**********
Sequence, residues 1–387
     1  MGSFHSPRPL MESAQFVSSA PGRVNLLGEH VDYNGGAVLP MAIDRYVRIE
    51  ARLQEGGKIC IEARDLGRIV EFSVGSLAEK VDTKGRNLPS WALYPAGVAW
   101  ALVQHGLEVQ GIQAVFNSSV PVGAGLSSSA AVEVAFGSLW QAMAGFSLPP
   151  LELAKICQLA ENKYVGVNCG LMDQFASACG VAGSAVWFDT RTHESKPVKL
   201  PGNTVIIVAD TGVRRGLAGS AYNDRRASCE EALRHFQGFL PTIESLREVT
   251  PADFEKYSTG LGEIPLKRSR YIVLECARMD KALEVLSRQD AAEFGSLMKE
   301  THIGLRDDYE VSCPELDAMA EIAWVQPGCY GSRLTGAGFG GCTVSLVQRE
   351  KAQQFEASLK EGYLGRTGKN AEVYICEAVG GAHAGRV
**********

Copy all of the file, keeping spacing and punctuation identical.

Sequence, residues 1–387
     1  MGSFHSPRPL MESAQFVSSA PGRVNLLGEH VDYNGGAVLP MAIDRYVRIE
    51  ARLQEGGKIC IEARDLGRIV EFSVGSLAEK VDTKGRNLPS WALYPAGVAW
   101  ALVQHGLEVQ GIQAVFNSSV PVGAGLSSSA AVEVAFGSLW QAMAGFSLPP
   151  LELAKICQLA ENKYVGVNCG LMDQFASACG VAGSAVWFDT RTHESKPVKL
   201  PGNTVIIVAD TGVRRGLAGS AYNDRRASCE EALRHFQGFL PTIESLREVT
   251  PADFEKYSTG LGEIPLKRSR YIVLECARMD KALEVLSRQD AAEFGSLMKE
   301  THIGLRDDYE VSCPELDAMA EIAWVQPGCY GSRLTGAGFG GCTVSLVQRE
   351  KAQQFEASLK EGYLGRTGKN AEVYICEAVG GAHAGRV